Since last August, search engine giant Google has been trying to buy struggling Motorola Mobility for $12.5 billion to complement its mobile software expertise. But, antitrust regulators around the world are delaying this deal by continuing to probe this multi-billion acquisition pact.
Although, the company had some luck last month in Europe when the EU regulators gave the deal a green signal, the Chinese antitrust regulators have extended their investigation into Google’s $12.5 billion purchase of Motorola Mobility. The two companies are calling it the last hurdle before it can be completed, reports Bloomberg.
In a regulatory filing on Monday, Libertyville, Ill.-based Motorola Mobility said, “China’s anti-monopoly bureau has expanded its second phase of the investigation,” wrote Bloomberg reporters Brian Womack and Hugo Miller.
Even though the two companies are expecting the transaction to close by the first half of the year, they cannot provide any assurance that it will be approved by China, wrote Womack and Miller.
According to the Bloomberg report, the Google-Motorola acquisition pact has been approved by regulators in Europe, the U.S. and some other countries around the world. Hence, as per the report, China looks like the last hurdle for this $12.5 billion purchase deal.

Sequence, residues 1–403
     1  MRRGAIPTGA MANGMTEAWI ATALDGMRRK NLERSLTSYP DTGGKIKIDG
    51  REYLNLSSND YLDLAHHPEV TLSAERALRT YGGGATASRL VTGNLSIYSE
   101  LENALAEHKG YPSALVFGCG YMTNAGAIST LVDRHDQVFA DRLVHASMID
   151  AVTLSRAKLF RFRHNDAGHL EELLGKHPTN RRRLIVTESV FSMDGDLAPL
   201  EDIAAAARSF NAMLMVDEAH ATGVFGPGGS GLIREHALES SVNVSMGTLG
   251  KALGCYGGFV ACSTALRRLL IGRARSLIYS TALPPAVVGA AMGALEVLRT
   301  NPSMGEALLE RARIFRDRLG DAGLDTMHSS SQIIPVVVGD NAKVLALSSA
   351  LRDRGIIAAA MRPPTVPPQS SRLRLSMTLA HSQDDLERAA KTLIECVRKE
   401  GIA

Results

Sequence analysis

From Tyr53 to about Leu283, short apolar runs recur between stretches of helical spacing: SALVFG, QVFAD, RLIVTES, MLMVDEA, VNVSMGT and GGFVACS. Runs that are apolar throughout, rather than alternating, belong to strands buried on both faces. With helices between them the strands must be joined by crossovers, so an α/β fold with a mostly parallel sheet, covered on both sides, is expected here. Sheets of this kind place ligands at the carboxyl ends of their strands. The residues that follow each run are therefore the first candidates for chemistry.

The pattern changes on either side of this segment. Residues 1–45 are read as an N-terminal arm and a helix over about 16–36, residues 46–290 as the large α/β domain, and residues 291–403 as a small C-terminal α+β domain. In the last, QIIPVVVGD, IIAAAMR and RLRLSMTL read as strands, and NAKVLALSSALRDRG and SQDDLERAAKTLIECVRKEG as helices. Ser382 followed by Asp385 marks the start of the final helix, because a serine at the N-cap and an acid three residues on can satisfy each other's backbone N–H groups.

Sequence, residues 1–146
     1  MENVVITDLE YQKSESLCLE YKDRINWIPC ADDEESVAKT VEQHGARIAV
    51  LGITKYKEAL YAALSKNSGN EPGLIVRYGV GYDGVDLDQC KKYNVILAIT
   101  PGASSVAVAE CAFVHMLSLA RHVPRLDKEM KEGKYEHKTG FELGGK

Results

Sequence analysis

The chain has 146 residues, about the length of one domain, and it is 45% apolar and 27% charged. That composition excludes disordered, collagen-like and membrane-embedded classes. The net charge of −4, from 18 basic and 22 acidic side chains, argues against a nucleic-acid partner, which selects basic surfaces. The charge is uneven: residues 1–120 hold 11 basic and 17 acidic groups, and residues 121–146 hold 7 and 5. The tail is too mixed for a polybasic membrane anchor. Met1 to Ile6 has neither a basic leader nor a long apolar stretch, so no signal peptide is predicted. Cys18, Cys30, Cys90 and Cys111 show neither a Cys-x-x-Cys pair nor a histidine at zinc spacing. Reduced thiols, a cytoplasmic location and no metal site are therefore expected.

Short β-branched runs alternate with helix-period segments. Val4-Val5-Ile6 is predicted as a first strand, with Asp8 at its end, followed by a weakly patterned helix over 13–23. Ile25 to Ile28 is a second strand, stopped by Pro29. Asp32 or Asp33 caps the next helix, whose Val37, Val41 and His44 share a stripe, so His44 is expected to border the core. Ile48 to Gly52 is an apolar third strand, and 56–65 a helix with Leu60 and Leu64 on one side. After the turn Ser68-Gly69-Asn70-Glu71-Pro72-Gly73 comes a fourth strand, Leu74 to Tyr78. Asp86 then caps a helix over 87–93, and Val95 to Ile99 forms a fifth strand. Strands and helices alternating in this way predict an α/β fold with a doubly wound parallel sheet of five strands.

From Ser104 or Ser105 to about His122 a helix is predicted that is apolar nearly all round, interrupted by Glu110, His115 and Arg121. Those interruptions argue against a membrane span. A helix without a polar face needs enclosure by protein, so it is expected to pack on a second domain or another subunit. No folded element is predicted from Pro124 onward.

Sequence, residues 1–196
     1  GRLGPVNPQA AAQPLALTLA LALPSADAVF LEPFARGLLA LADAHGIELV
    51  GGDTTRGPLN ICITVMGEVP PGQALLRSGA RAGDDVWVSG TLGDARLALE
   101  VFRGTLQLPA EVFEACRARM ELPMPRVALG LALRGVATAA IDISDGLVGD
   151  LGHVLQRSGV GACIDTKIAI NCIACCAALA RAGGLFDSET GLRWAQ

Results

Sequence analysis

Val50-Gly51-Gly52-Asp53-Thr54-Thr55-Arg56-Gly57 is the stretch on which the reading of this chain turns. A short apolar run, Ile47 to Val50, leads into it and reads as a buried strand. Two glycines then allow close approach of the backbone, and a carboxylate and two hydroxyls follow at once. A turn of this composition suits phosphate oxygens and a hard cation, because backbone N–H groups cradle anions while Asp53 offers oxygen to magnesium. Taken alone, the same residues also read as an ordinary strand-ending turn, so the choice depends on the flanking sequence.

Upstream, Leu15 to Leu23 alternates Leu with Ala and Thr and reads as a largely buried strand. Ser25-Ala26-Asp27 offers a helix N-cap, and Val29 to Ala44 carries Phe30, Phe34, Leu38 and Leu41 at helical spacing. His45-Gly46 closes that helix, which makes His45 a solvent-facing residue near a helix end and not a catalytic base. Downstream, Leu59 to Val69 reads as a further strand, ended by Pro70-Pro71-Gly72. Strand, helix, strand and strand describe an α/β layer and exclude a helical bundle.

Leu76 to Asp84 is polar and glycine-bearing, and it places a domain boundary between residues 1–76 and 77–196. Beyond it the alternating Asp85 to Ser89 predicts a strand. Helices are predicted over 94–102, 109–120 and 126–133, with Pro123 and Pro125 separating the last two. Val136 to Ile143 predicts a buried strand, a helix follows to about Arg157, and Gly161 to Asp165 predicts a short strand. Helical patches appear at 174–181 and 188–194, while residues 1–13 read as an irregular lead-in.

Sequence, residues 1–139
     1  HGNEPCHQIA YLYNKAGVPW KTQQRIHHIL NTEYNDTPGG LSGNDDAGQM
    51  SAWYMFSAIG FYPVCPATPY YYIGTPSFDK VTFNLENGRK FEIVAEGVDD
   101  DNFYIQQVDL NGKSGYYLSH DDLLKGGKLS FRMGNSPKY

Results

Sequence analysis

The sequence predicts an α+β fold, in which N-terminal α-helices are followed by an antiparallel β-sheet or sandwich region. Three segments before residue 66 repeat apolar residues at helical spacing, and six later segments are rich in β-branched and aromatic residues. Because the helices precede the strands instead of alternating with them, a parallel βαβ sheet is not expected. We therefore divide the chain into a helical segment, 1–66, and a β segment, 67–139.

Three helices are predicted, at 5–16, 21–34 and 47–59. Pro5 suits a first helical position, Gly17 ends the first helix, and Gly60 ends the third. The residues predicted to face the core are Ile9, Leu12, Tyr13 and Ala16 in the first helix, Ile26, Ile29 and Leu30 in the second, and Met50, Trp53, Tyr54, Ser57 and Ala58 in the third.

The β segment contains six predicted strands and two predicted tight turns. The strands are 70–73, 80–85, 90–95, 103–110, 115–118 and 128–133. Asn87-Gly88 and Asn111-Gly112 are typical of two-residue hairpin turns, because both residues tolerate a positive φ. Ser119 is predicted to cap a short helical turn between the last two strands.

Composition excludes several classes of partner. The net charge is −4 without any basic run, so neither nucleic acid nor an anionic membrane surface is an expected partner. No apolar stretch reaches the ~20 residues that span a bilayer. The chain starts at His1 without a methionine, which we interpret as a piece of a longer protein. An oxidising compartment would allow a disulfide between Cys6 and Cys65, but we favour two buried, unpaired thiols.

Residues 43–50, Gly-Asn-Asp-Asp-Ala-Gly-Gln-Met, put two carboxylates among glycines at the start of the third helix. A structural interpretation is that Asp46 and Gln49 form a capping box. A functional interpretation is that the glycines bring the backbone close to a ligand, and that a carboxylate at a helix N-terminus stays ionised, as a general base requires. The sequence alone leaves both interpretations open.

Facing legal battles over Android smartphone software, Google is counting on taking advantage of the 17,000 and more patents held by Motorola Mobility, wrote Womack and Miller. The data compiled by Bloomberg indicates that Google-Motorola deal is the largest in this decade.
Meanwhile, Mybroadband.com reports that upcoming Google-Motorola partnership has pushed Korean consumer giant Samsung towards BlackBerry maker Research In Motion (RIM). As a result, Samsung will use the BlackBerry 10 operating system (OS) developed by RIM in future Samsung smartphones, reported Mybroadband.
Edited by Tammy Wolf